Syntrain fellow in Lindau Nobel Laureate Meeting – University of Copenhagen

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24 August 2018

Syntrain fellow in Lindau Nobel Laureate Meeting

Syntrain Fellow Timo Reisländer participated in the 68th Lindau Nobel Laureate Meeting, and he here reports his personal experiences and impressions from the event! 

Every year, the Nobel Laureate Meeting hosts a few dozen Nobel laureates and hundreds of PhD-students and post-docs in Lindau, Germany. This year’s Nobel Laureate Meeting dedicated to Medicine or Physiology welcomed 39 Nobel Laureates and 600 young scientists from 84 different countries. I was honoured to be one of the Marie Skłodowska-Curie Fellows selected to participate.

4 days program
The meeting started with an opening ceremony on Sunday, 24 June. This included a speech by Nobel Laureate Elizabeth Blackburn on the role of science in society and politics. Following that, partners of the event invited young scientists for a drinks reception. I was invited by the ‘Klaus Tschira Stiftung’, a foundation supporting science communication in Germany.

The next four days followed more or less the following schedule. The morning usually began with discussions on current issues in biomedical research. I chose to join a discussion on ‘Developing Stronger Science Leadership in Different Cultures’ in one morning and on ‘Gene Modification’ in another morning. This was followed by two lectures where Nobel Laureates gave a 30 min talk focused on their past and present research outcomes. Afterwards, during two so called Agora Talks 1 or 2 Nobel laureates gave a 10 - 20 min presentation followed by questions from the audience. However, the topics were not necessarily linked to the laureate’s research. For example, Sir Richard J. Roberts discussed on the public perception on GMOs. The afternoon started with a panel discussion on topics like ‘Challenges in Personalised Medicine’ or ‘Publish or Perish’.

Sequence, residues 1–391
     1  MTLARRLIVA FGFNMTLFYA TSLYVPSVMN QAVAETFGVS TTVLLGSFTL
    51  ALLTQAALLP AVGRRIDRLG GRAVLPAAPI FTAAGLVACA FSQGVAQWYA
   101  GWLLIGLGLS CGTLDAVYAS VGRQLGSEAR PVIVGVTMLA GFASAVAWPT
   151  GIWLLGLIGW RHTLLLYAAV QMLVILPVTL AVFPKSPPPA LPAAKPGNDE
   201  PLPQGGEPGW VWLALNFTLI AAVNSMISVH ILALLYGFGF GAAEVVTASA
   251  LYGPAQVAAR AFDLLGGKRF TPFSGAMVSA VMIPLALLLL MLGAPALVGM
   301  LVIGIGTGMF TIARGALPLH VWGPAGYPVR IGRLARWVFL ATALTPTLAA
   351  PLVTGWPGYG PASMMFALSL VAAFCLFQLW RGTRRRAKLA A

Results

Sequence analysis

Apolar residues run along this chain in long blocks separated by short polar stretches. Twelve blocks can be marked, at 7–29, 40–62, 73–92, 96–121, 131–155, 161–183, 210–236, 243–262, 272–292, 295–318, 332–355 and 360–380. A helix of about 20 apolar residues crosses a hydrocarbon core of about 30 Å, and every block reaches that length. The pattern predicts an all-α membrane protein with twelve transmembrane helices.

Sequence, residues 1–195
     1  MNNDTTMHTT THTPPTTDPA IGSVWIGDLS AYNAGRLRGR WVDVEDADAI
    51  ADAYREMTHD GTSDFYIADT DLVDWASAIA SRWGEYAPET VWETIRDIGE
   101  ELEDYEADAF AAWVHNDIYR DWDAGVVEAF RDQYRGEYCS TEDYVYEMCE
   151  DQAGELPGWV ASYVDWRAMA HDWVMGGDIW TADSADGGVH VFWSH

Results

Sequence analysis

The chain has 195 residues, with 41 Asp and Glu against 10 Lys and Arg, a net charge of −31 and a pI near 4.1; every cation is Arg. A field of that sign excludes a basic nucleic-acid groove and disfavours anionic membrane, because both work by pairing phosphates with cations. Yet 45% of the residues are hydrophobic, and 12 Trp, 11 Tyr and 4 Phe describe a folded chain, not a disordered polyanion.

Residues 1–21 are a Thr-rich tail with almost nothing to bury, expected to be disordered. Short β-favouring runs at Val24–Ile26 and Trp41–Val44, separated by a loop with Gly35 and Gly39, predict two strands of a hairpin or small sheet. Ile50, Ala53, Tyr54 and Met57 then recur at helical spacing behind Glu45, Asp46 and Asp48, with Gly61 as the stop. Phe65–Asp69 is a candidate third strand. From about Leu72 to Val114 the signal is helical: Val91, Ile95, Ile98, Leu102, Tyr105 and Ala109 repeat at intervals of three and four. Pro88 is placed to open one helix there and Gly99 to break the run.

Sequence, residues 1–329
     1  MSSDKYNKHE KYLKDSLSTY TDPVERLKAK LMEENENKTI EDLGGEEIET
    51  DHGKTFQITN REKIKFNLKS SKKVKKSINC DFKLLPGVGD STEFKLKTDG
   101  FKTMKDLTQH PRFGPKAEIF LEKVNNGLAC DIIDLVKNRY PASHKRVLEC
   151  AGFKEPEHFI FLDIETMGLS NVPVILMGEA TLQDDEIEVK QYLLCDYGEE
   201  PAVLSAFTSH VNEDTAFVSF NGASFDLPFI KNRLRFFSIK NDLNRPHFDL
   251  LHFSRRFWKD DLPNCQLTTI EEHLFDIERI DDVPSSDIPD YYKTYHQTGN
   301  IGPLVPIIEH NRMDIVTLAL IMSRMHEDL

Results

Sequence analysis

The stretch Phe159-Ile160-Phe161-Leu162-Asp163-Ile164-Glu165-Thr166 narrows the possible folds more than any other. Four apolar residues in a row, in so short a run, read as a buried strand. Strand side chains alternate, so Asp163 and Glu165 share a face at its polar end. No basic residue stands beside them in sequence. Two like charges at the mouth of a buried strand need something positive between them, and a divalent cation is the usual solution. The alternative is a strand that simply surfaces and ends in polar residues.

Open Exchange sessions and inspirational discussions
Before dinner, there were Open Exchange sessions which had more of a discussion character. Here, 1 or 2 Nobel Laureates answered questions from the audience. In contrast to the Agora talks, the young scientists decided on the topics of the discussion by asking concrete questions. During dinner there were plenty of opportunities to interact with Nobel Laureates as well as with other young scientists. For Thursday’s dinner, everyone was encouraged to wear a traditional outfit from their country of origin. Therefore, I was wearing Bavarian Lederhosen.

On one day, I had the chance to have lunch with laureate Thomas Lindahl who received the 2015 Nobel prize for mechanistic studies of DNA repair. This is exactly the field I am working on and we had a very interesting and stimulating discussion.



On the last day, a boat trip to the island Mainau was scheduled. On the island, there was a panel discussion on ‘Science in a Post-Factual World’. On the way back to Lindau, the meeting ended with a party on the boat.

To summarise, the Nobel Laureate Meetings are a unique conference. For me personally the most rewarding part of the meeting were not the Nobel Laureates or the boat trip but the interaction with the other young scientists. It was a very inspirational experience and I am more than ever encouraged as a scientist to follow my passion and curiosity.